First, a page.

Kristin Leishman:
You want to stay away from products that can be easily Amazoned. Amazon basics has infiltrated a lot of different categories, so you want to steer clear of those. And make sure there’s demand for the product by doing proper keyword research. Taking that demand and figuring out where you can make the most money. and then the higher the tooling costs, the higher the moat, meaning that the more you put into a product in its early days with a big capital investment, you’ll be protected with a competitive advantage that’s hard to duplicate down the line. It’s a big risk, so you need to make sure you’re being very data driven about your choices. And you can see from the spreadsheet that we get very deliberate about how we invest in a product.

Kristin Leishman:
Number three. So we started seeing this dip of revenue and we were trying to decide on what to do. Naturally we increased ad spend with no real change and then we reluctantly increased pricing in June. We made this big change across the entire catalog and we have about 2000 skews on Amazon. There was a slight increase come July, but then all hell broke loose and our revenue started to plummet. And the problem is we made these changes without really analyzing small sample sizes, which wasn’t a smart way to do it.

Kristin Leishman:
Amazon is very price sensitive and they do not appreciate it when you abruptly change price up and down. So what this graph is showing are our conversions and our sessions. The top is conversion rate and it stayed pretty constant. We realized that price wasn’t an issue for this. If a customer landed on our page, they would still purchase it, which was good for us. But the bottom is sessions and those decreased drastically, and we realized that pricing did have an impact on those. Amazon decided to stop showing us as much. These small changes that were made in pricing had a big impact on listing views and that was one of our problems.

Kristin Leishman:
Small hinges swing big doors and your position on Amazon is totally dependent on price changes whether you increase or decrease. So if you’re going to increase or decrease your price, make sure you are monitoring your competition’s pricing instead of blindly raising for profit, which is what we did and that was the problem. We’ve now since then gone and analyzed our competition and we will be doing another repricing which could either hinder or help us. We’re unsure at this moment. And then monitor your ranking position and only adjust slightly when necessary. If you’re making money then there is no reason to rock the boat.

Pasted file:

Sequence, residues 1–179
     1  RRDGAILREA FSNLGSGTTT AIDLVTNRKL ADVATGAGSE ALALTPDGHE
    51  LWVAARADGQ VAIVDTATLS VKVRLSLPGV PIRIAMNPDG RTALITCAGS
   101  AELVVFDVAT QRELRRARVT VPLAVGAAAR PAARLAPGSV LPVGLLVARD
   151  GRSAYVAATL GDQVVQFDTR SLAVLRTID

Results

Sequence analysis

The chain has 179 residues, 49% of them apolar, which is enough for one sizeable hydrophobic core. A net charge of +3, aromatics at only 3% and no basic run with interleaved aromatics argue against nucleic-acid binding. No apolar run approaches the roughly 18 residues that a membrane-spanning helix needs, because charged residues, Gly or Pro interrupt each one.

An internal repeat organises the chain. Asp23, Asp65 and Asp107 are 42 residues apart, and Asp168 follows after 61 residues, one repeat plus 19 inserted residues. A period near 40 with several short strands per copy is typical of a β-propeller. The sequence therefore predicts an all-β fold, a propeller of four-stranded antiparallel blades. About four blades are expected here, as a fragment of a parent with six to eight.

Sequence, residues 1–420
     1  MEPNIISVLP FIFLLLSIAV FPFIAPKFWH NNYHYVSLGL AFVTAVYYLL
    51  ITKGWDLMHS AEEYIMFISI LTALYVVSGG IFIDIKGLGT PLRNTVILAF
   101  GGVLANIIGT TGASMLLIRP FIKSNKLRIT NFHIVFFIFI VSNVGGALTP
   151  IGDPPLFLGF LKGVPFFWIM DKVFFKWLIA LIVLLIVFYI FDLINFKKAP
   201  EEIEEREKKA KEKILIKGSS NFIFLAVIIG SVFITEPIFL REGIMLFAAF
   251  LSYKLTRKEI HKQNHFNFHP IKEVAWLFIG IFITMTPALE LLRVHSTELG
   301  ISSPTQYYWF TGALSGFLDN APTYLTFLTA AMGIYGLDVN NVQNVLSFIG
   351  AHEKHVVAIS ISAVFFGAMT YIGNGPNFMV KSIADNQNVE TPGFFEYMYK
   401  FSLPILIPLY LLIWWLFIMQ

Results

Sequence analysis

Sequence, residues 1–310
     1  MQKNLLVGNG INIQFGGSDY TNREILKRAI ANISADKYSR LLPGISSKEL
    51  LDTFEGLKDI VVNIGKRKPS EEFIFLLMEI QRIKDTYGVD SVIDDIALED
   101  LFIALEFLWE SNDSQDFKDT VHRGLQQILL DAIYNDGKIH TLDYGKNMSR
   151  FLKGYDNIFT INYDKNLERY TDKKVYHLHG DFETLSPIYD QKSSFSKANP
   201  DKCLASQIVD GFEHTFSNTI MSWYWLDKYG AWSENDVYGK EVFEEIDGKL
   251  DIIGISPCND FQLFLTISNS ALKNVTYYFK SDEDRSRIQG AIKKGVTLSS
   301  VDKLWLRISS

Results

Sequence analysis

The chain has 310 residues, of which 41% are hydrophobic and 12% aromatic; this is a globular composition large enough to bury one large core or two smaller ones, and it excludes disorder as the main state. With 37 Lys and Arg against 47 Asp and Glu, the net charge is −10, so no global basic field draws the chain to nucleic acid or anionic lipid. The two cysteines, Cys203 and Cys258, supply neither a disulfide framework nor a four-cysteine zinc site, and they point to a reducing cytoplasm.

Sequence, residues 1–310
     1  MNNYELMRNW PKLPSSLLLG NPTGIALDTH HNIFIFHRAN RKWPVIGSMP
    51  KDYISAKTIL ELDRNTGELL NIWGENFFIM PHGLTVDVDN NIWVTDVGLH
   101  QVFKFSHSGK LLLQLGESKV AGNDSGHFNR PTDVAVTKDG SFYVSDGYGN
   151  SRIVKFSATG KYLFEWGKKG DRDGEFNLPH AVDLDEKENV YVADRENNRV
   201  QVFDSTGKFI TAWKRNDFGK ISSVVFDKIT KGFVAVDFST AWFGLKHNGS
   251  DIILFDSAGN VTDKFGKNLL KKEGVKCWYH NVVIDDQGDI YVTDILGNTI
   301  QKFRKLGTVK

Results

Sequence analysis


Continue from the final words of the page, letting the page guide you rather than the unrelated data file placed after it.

Kristin Leishman:
All right, number four. So to be honest, we were the big fish in the filtration market and we were focusing on maximizing our top line and we did not really care about our bottom. Our margin profile used to be great, and boy have the times changed. But you know, we still felt like the big guy on the block. So we thought, let’s push PPC to the max. We’re going to push our ACOS up significantly where people won’t be able to play and they’ll have to drop out. So we pushed our ACOS to a high level that became the new norm, a new standard in the industry. And it was a huge mistake because people just started climbing up there with us. We were doing irrational things and the market did not react in a rational way and we really needed to take the time to figure out our PPC focus, what our PPC focus was going to be for the future.

Kristin Leishman:
All right. So in this Amazon economic stack, you can see that we have a FBA fee of 12%, an Amazon fee of 15%. Our cogs are 32%, our overhead is 22%, and our profit before we even spend any money on Amazon advertising is 18%. That means we only have an ACOS if 18% that we can break even with. If we kept our ACOS below 18%, then whatever leftover is profit. However, Amazons started taking more pieces of the pie and we needed to get a target ACOS of 8% to even squeak out a 10% total profit in the business. And that’s not even where the ACOS was in the industry because in our industry average ACOS is 30%. So where in this stack is there a way for you to make money? You need to be really smart about it and have the right team and right process in place so you can improve and actually make that money.

Kristin Leishman:
So we know you can’t control your FBA fee and you can’t control the commission fee, but what you can control is your cost of goods sold, your overhead costs both variable and fixed, and your ACOS. And I’ve already mentioned that you need to have people, process, and product in place, but you need to make sure that you have a proper technology to support your business as well. Being able to quickly figure out your profit per skew per channel with all the hidden fees is something that was built into Skubana. I’m going to be super honest. This is something that I really pushed for in the beginning of when Skubana was being built out because I figured if my business needed it, other people’s businesses would need it. So now you can see profit per skew per channel all in one place.

Kristin Leishman:
And if we were to really underline what happened in the past two years on Amazon, it would be that sellers need to push themselves from just being sellers to being advertisers. You need to build a PPC muscle and become a better advertiser. And there are people out there that say when you increase your Amazon spend, you increase your awareness on Amazon and more people will buy your product and then you enter into the Amazon flywheel, but we’ve found that that’s not always the case. Just because you’re spending more on Amazon for advertising doesn’t mean your BSR is going to increase. They aren’t necessarily correlated.

Kristin Leishman: